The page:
The next morning, the crew had a 7 am call in order to get sunrise shots of Steve unloading and setting up the Meteorite Trolley. I joined up with them at lunchtime, where the director filmed a lengthy series of interviews with local farmers, upon whose land Steve had found meteorites. I amused the crew by showing them some meteorite specimens I'd brought along, and telling stories about the adventures and mishaps we'd shared on other expeditions.

Several times, during the afternoon we reminded the director that we were actually meteorite hunters, and we could show him something a lot more interesting than the insider of a diner. Steve and I were eager to get out into the field and do what we do best — find meteorites! For a couple more hours, the crew drove around town, getting local color shots of the pretty town of Greensburg, Kansas.

Our host and Field Correspondent, Adam Rogers, is an eloquent and enthusiastic person, and after the lunchtime interviews and background shots of town, he was definitely ready for some real adventure. With the afternoon wearing on, we finally got out into the field. A cavalcade of assorted vehicles headed out of town, onto dirt roads, and across the Kansas flatlands to the section of the Brenham meteorite strewnfield that Steve was exploring. To our unpleasant surprise the unobtrusive flags that Steve used to mark his possible targets had all been removed — probably accidentally by a tractor or plow. We had to start again from scratch. As a result, everything was as authentic as it could be, right down to when we heard the detector pick up a strong metallic signal for the first time.

We briefed Adam on how the Meteorite Trolley worked, and he helped us pinpoint the buried target. I asked Adam if he was ready. He smiled, and immediately replied, "I brought a shovel!"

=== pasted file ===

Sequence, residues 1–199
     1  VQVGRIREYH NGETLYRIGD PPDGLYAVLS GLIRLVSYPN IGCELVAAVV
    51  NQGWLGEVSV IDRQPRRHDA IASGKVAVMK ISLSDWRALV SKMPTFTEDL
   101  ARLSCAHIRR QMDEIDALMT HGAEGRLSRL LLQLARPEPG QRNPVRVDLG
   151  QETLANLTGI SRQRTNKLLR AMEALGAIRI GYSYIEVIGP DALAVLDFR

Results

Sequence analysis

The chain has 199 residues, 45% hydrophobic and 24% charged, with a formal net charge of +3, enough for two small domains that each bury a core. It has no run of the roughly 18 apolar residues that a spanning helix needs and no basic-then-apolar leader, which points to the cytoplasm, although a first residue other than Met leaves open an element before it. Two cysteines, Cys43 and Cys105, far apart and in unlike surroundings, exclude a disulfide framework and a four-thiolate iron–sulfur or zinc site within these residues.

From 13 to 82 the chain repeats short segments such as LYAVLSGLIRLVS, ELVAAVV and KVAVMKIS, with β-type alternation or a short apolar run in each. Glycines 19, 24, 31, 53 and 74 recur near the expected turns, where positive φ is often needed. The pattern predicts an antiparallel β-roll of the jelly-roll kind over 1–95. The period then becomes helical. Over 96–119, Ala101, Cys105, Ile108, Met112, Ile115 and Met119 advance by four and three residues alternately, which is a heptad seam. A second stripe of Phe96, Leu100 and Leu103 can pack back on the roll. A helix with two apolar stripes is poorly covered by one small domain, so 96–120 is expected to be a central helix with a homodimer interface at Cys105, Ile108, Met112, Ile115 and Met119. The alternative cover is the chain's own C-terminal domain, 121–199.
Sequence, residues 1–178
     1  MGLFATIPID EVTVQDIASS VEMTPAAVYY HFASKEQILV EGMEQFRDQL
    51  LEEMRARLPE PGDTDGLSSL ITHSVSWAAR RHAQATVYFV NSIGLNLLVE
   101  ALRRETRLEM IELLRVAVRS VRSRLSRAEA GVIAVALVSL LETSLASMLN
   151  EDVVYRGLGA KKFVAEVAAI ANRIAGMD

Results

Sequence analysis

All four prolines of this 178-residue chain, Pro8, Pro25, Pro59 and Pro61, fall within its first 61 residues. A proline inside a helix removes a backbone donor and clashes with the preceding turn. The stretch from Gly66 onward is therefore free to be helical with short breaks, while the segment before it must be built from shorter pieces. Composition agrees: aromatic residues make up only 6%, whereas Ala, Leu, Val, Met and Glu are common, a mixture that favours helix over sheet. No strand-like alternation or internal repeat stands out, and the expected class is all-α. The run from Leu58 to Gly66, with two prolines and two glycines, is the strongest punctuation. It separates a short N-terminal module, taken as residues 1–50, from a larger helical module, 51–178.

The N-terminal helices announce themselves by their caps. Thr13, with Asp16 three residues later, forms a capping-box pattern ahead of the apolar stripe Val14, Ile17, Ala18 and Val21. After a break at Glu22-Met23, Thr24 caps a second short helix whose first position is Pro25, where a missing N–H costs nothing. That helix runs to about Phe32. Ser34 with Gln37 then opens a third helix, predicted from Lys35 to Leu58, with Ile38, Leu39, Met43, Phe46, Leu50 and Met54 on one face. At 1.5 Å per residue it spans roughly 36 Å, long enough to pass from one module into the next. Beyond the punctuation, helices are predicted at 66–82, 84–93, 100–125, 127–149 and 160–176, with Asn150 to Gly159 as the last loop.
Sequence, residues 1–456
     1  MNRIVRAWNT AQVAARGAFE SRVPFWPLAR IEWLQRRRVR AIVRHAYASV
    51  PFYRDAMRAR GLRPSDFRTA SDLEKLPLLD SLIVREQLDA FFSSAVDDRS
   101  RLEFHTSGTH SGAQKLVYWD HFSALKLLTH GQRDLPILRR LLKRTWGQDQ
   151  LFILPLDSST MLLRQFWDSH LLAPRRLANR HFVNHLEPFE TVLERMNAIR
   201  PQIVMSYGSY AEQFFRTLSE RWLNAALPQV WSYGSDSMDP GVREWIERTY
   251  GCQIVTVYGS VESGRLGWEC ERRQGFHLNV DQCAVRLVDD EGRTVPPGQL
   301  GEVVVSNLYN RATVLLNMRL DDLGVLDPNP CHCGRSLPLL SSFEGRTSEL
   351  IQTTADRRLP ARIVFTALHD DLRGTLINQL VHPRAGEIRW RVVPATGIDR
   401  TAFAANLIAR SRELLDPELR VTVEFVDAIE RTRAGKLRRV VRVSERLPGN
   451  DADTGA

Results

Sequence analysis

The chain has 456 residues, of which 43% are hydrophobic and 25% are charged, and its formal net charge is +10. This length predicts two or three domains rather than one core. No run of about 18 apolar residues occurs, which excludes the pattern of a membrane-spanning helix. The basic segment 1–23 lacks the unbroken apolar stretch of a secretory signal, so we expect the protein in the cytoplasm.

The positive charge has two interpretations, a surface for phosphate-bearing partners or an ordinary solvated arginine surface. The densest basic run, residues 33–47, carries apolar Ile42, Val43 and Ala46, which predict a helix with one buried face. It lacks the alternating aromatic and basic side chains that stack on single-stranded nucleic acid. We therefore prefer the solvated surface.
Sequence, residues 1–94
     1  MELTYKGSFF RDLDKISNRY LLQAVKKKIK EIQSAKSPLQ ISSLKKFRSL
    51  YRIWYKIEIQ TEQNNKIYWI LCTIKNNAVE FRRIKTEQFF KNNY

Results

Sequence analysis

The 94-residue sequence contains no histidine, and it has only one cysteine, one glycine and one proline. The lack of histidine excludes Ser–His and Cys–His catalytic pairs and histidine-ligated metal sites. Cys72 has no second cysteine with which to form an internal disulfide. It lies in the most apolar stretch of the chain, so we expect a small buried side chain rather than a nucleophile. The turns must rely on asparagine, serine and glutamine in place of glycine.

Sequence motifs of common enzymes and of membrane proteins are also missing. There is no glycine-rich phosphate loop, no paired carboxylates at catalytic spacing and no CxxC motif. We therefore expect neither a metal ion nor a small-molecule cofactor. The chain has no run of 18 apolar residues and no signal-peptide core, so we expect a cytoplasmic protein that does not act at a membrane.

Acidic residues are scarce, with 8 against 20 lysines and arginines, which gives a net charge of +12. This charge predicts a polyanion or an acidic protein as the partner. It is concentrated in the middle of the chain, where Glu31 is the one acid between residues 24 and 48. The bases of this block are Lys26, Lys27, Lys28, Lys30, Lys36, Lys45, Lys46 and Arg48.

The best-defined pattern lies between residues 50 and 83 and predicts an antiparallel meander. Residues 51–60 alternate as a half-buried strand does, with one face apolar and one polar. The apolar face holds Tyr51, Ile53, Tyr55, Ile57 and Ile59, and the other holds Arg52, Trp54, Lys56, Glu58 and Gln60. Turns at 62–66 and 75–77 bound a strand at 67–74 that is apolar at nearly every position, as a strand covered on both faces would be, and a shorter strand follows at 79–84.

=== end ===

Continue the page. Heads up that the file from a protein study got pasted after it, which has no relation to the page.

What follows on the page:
We started digging.

The light was fading, so we dug a deep hole as quickly as we could. An unexpected dust storm sprang up and peppered us with dirt as we tried to find the buried object. The show's director seemed somewhat skeptical and asked, a number of times, if we were really sure there was "something down there."

Once a few feet of soil had been moved, Steve and I were almost certain we were on top of a meteorite. It was unlikely to be a man-made object at that depth. When we heard that metal-upon-metal sound of a shovel blade striking buried iron, we knew we had something. The wind swirled dust around our quickly-deepening hole, filling my ears and nose and making it more and more difficult to work. Time was running out. Watch the episode to see what happened next!

After our shoot in Kiowa County, the team headed for the Exploration Place in Wichita, where Steve's World Record Pallasite was on display. We spent most of the day sitting around waiting, while the crew set up some complex interior shots. Once the camera started rolling, Steve and I talked about the 1,420-pound pallasite, and the crew got some close-ups of our fifty-pound find.

In post production, the show was edited, so in the broadcast version it appears that we went to the Exploration Place first.

Geoff and Steve express their sincere thanks to Wired magazine, and especially Adam Rogers, who was a great pleasure to work with. We wish the Wired Science team every success with their new series.

See Geoff and Steve co-star with the glamorous Becky Worley in the Travel Channel's great series The Best Places to Find Cash and Treasures

See Geoff and Steve in their new show METEORITE MEN on Science Channel

During 2007 meteorite hunters Steve Arnold and Geoff Notkin will lead a few small teams of adventurers on actual expeditions to meteorite strewnfields. Expedition members will be guided to secret locations where Steve and Geoff have found meteorites in the past. Your team leaders will share their almost thirty years of combined experience with you. You will be instructed in metal detector operations, meteorite hunting techniques and strategies and entertained with campfire stories. It's an adventure you will always remember and you may well come home with a meteorite that you found!

Please visit our Meteorite Adventures website for more information.